“The United States must return to the deal and lift all sanctions,” Iran’s Foreign Minister Mohammad Javad Zarif said Sunday. “The United States is addicted to sanctions, but they should know that Iran will not yield to pressure.” 

The Biden administration made clear its willingness to look past Iran’s troubling behavior as it seeks to reengage diplomatically. “[Biden] is prepared to go to the table to talk to the Iranians about how we get strict constraints back on their nuclear program. That offer still stands because we believe diplomacy is the best way to do it,” Jake Sullivan told CBS News yesterday, adding that the administration is “determined” to prevent Iran from getting a nuclear weapon. “The script has been flipped. It is Iran that is isolated now diplomatically, not the United States. And the ball is in their court.”

After the Trump administration withdrew from the JCPOA in May 2018 and reimposed strict sanctions on Tehran, Iran began enriching uranium once again at a level higher than the deal’s restrictions allow. By June 2020, the United Nations’ International Atomic Energy Agency (IAEA) found the country to be in violation of most of the deal’s requirements. Last December, the Iranian parliament passed a law making clear that unless sanctions were removed, Tehran would begin limiting IAEA inspection access to nuclear sites on February 23—tomorrow.

Tehran, however, seems to have backed off a bit from that threat. The UN’s nuclear chief Rafael Grossi said Sunday that the IAEA had “stabilize[d] a situation which was very unstable,” reaching a “technical understanding” with Iran in which the watchdog agency will be able to continue monitoring the country’s nuclear sites for up to three months—essentially buying time for JCPOA negotiations to be hammered out.

After Tuesday, however, UN snap inspections and camera surveillance will no longer be permitted at Iranian nuclear facilities. The disruption in regular inspections means that Iran can continue enriching its uranium beyond 20 percent purity, which is widely considered just short of nuclear weapons-grade fuel.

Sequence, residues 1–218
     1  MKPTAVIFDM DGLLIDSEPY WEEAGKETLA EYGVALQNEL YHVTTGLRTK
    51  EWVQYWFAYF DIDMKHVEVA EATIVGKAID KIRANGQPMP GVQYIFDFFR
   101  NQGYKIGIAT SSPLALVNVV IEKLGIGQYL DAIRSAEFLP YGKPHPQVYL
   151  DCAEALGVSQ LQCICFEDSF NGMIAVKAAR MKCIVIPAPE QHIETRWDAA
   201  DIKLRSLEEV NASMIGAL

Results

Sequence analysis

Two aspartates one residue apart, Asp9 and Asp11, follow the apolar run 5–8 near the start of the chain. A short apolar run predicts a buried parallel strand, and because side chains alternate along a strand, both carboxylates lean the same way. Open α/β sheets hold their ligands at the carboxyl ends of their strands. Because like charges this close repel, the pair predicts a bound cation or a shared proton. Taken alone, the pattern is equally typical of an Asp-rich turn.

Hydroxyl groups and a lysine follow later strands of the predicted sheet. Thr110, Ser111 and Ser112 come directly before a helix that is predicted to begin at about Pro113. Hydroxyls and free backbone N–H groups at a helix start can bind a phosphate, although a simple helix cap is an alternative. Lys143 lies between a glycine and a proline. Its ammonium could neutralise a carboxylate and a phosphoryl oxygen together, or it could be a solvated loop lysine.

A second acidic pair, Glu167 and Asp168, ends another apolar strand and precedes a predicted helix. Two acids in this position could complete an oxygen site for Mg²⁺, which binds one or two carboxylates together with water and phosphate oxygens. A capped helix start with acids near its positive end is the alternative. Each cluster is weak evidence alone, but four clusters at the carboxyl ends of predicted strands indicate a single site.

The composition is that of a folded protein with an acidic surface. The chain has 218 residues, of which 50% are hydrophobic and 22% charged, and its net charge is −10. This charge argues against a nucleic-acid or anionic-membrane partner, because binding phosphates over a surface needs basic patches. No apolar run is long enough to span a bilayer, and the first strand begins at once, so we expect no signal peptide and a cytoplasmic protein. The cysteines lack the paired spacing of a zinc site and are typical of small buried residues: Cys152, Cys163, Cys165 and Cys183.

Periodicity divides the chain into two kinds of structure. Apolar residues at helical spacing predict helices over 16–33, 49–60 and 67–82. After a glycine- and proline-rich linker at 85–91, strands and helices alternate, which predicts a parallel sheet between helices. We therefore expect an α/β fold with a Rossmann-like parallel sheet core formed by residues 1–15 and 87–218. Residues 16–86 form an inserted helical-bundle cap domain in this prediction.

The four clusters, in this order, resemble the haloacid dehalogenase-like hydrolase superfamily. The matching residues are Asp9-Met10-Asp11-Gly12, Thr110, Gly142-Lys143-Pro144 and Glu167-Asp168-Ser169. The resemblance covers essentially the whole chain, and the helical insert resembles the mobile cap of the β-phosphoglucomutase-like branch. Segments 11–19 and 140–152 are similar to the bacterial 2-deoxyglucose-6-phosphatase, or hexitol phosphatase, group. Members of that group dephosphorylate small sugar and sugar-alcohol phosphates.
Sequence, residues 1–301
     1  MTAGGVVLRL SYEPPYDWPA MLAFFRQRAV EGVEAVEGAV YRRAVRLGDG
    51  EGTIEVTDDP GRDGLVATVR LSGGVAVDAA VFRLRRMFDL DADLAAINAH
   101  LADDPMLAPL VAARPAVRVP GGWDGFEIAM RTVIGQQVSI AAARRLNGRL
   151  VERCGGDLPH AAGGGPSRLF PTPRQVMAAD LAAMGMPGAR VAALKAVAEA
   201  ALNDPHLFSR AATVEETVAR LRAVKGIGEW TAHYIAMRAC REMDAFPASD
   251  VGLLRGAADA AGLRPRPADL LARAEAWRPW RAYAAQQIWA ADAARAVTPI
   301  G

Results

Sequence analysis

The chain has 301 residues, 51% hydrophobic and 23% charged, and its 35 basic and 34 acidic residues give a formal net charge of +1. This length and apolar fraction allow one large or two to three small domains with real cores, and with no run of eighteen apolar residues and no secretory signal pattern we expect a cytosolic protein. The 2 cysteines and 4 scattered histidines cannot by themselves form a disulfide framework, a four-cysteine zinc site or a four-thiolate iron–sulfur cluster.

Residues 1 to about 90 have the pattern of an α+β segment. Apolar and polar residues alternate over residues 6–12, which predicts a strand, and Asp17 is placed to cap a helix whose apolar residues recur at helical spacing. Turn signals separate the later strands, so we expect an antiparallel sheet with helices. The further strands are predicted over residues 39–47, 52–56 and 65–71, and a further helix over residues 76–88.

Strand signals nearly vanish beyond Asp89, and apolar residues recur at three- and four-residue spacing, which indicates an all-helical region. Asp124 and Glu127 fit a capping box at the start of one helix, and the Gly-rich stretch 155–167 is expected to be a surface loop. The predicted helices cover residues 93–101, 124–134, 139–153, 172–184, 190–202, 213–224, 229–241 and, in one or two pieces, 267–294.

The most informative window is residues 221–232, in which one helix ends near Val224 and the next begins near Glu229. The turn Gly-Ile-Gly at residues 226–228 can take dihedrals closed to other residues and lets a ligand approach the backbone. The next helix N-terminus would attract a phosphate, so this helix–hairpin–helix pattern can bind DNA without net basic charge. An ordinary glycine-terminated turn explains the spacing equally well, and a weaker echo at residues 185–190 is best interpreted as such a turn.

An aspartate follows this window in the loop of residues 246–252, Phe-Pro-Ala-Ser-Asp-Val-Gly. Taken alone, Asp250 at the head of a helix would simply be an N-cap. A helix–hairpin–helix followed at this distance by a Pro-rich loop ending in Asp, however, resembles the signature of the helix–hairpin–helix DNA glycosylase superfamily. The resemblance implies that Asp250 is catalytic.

The Biden administration’s Thursday overture came just days after a rocket attack in the Kurdish region of Iraq targeted U.S.-led coalition forces, killing one non-American civilian contractor and injuring nine others (including five Americans). A spokesman for Tehran’s foreign ministry on Tuesday denied any Iranian involvement in the attack, but an Iranian-backed Iraqi Shiite militia, Saraya Awliya al-Dam, has since claimed responsibility. The New York Times reported that while officials haven’t publicly assigned blame, they attribute the attack to “an Iranian-backed militia.” Blinken, according to a spokesman, spoke with Iraqi Prime Minister Mustafa al-Kadhimi on Tuesday to discuss efforts to “identify and hold accountable the groups responsible” for the rockets.

Republicans in Congress have long been critical of Biden’s desire to return to the JCPOA. The administration’s willingness to resume negotiations so shortly after the Erbil strike has amplified their frustration.

“The Biden Administration’s posture toward Iran is nothing short of reckless,” Sen. Marco Rubio, ranking Republican on the Senate Intelligence Committee, said in a statement on Friday. “Not long after Iranian-backed forces attacked Americans in Iraq, President Biden is desperately trying to re-enter a failed deal and provide sanctions relief to the Iranian regime.”

“It is concerning the Biden administration is already making concessions in an apparent attempt to re-enter the flawed Iran deal,” said Rep. Michael McCaul, the top Republican on the House Foreign Affairs Committee. “The Trump administration created leverage for President Biden on Iran—we should not squander that progress.”

Worth Your Time

  • The Department of Justice announced on Saturday that 95-year-old Tennessee resident Friedrich Karl Berger had been deported to Germany. The reason? He served as a guard at a Nazi concentration camp in 1945. Berger’s story first came to light last year, when DOJ prosecutors brought the case before a federal judge. “It is perhaps fitting that the decades-long search for Nazi collaborators living on United States soil may have reached its conclusion—or something close to it—in a small city, in an unremarkable ranch house on an equally unremarkable cul-de-sac,” Rick Rojas and Richard Fausset wrote at the time. The investigation into Berger “was aided by a kind of miracle: a set of SS cards that identified guards in the Neuengamme camps, discovered in 1950 in a German ship that had been sunk by the Allies five years earlier.”